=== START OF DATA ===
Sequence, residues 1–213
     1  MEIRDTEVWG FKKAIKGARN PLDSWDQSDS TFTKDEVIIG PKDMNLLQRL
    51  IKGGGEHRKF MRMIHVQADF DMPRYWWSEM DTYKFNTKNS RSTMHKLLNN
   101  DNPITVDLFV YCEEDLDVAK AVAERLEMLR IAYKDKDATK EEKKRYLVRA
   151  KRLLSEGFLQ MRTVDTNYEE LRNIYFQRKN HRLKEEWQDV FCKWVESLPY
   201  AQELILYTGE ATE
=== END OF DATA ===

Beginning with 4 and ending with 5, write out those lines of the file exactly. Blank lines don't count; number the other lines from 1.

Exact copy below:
   101  DNPITVDLFV YCEEDLDVAK AVAERLEMLR IAYKDKDATK EEKKRYLVRA
   151  KRLLSEGFLQ MRTVDTNYEE LRNIYFQRKN HRLKEEWQDV FCKWVESLPY